In North Carolina, couples who are separating may apply to our courts to divide their marital assets and debts. The court is required to distribute or divide the property in an equitable, or fair, manner, generally giving each spouse some of the marital property. This process is called “equitable distribution.” The overarching goal of equitable distribution, or the process of dividing marital assets between the spouses, is to make it fair to each party. Under North Carolina law, what is “equitable” or fair, is presumed to be an “equal” division between the spouses. Our statutes provide that there “shall” be an “equal” division of the net marital estate unless the court determines that an equal, 50/50 division “is not equitable.” While it can sound like the court is chasing its tail, the idea is that the court wants the division of assets to be fair, will assume a 50/50 division is fair and divide the marital assets in that manner, unless a party informs the court that a 50/50 division is in fact not fair. To equitably distribute the property, it is necessary for the court to identify the marital property and value it. Marital property is property that is acquired from the date of marriage to the date of separation. Once the court determines or classifies the property as marital, it then values it. If one party asserts that an equal division is not fair and equitable, the court then turns to a list of twelve factors it may consider to determine what a “fair” and “equitable” distribution would be. The court has discretion to award an unequal distribution of the marital property and can do so based solely on one of the twelve factors.
Factors for an Unequal Division
The party seeking a greater than equal share of the marital assets bears the burden of proving that an unequal division would be equitable with respect to the twelve factors listed under N.C. Gen. Stat. § 50-20(c). The twelve factors the court considers are”
1. The income, property, and liabilities of each party at date of separation;
2. Any support obligation arising from the marriage;
3. The duration of the marriage, and age and health of the parties;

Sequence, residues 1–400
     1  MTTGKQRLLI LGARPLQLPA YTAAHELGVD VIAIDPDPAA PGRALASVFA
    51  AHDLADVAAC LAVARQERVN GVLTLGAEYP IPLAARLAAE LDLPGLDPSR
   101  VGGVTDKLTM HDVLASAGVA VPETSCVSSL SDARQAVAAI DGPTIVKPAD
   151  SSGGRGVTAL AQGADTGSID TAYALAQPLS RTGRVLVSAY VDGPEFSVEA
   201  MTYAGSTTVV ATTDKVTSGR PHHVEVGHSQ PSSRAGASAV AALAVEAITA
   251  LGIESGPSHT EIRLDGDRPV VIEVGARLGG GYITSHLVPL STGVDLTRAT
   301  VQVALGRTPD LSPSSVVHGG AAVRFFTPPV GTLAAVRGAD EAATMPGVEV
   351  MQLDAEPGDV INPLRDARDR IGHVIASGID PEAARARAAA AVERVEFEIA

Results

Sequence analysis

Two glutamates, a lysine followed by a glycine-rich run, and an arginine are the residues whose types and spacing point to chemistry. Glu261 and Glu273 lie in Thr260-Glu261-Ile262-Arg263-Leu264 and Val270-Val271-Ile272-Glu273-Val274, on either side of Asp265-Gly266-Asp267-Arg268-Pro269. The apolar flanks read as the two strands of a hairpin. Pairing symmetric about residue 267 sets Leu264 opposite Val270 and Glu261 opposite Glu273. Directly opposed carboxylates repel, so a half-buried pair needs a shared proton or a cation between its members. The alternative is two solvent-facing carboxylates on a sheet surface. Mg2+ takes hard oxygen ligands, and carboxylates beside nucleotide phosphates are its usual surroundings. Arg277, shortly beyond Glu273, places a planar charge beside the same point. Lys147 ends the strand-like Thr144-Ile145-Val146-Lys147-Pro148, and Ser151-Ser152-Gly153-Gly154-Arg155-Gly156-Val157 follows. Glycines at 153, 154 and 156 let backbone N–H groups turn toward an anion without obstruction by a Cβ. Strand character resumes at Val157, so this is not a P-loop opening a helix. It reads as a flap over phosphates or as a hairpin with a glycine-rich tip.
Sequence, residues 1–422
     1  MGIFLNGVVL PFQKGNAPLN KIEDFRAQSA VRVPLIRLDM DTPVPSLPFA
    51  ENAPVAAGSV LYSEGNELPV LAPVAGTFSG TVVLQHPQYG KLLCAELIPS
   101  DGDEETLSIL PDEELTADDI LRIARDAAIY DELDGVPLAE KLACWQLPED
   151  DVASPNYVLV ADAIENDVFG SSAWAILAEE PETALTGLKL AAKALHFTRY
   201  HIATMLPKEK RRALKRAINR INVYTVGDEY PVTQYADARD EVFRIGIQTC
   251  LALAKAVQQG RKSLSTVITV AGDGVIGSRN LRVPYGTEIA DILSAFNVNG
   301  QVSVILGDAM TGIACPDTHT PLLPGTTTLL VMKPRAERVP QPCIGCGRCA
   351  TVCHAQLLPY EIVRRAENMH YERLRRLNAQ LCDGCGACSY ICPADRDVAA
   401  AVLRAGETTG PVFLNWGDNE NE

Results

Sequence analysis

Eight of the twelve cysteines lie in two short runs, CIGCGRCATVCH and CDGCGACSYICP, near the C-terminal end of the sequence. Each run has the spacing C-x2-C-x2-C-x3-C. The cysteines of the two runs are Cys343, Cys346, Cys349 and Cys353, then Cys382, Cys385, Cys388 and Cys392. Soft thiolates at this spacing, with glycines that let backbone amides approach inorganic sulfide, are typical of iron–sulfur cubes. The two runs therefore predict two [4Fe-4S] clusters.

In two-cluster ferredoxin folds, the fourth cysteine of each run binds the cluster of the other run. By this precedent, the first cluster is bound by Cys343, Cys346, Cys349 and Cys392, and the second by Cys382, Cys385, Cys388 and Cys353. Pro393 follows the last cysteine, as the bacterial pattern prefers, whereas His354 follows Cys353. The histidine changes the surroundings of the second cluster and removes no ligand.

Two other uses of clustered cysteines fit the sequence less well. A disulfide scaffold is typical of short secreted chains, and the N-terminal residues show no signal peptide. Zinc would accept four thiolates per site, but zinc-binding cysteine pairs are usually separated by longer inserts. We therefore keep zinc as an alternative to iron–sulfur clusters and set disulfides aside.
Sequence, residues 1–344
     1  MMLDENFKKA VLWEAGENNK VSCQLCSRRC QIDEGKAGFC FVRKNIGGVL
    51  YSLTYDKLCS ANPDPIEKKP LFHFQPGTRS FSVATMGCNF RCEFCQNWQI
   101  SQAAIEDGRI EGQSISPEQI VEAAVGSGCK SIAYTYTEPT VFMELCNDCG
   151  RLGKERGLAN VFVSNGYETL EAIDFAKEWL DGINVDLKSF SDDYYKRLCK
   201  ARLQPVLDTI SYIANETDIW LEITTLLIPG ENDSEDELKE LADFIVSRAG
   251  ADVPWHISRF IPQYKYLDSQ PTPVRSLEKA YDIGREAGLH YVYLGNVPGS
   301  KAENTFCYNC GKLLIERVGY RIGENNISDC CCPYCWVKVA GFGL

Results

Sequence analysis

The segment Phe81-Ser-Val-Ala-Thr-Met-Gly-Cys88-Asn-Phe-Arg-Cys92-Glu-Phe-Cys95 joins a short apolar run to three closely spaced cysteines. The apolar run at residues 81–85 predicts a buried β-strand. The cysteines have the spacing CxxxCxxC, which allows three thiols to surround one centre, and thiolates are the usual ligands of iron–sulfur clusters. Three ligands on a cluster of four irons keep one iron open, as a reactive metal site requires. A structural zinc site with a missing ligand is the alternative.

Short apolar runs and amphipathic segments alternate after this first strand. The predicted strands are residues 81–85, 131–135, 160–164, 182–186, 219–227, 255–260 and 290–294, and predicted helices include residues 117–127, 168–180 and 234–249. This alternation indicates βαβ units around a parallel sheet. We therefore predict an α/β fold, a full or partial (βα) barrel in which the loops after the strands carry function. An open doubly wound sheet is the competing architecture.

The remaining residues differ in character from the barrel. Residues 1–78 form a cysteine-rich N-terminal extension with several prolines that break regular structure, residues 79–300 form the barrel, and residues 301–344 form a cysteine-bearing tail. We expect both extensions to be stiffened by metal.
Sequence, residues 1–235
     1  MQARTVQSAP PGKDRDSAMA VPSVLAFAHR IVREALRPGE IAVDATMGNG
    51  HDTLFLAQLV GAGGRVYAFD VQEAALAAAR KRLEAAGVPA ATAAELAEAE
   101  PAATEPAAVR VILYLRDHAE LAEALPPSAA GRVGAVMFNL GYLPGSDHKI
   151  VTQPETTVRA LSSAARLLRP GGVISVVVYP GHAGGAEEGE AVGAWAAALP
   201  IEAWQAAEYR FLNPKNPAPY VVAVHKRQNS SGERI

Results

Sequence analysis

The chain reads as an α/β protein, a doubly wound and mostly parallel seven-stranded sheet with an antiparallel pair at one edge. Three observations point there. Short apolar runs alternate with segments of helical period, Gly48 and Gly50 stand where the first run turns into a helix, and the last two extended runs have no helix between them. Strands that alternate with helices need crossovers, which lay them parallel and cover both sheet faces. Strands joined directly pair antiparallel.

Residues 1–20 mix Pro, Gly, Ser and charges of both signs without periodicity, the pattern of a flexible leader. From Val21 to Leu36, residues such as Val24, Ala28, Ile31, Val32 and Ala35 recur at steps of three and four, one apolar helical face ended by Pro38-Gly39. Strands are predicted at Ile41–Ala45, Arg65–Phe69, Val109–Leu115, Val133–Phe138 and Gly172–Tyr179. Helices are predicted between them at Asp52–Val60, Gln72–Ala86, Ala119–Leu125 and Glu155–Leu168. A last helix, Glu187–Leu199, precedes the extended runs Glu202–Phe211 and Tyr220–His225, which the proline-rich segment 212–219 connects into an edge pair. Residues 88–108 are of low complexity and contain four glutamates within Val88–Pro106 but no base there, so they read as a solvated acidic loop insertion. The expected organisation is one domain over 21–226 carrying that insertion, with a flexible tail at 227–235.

4. The need of a custodial parent to retain the home;
5. The parties’ retirement assets which are separate;
6. Any contributions made to acquiring property;
7. Any contribution made by one spouse to the career of the other;
8. Any contribution to increase the value of separate property;
9. The liquid or nonliquid nature of the property;
10. The difficulty in assessing value of any property, such as a business;
11. The tax consequences; and
12. Any other factor the court finds just and proper.
What About Marital Misconduct?
The only marital misconduct considered by a court in dividing marital assets is financial misconduct, such as reckless spending of marital assets. Actions such as adultery or domestic violence are not considered in equitable distribution unless they have a financial component such as spending funds on a paramour.
Why Do You Need an Attorney in an Equitable Distribution Case
Judges are provided with wide discretion for how much weight to give each factor presented to them when they are making a final determination for property distribution. Even with supporting evidence as to why an award greater than 50% of the marital estate to you is fair, it still may not be enough to persuade a judge to grant your request. Retaining an experienced family law attorney to represent you in your equitable distribution matter is important. Daphne Edwards and her team can help ensure that you receive a fair and equitable share of your marital property whether that is equal or not. If you have questions or concerns about equitable distribution call our office for a consultation at 929-838-7160.
This article is for information purposes only and is not to be considered or substituted as legal advice. The information in this article is based on North Carolina state laws in effect at the time of posting.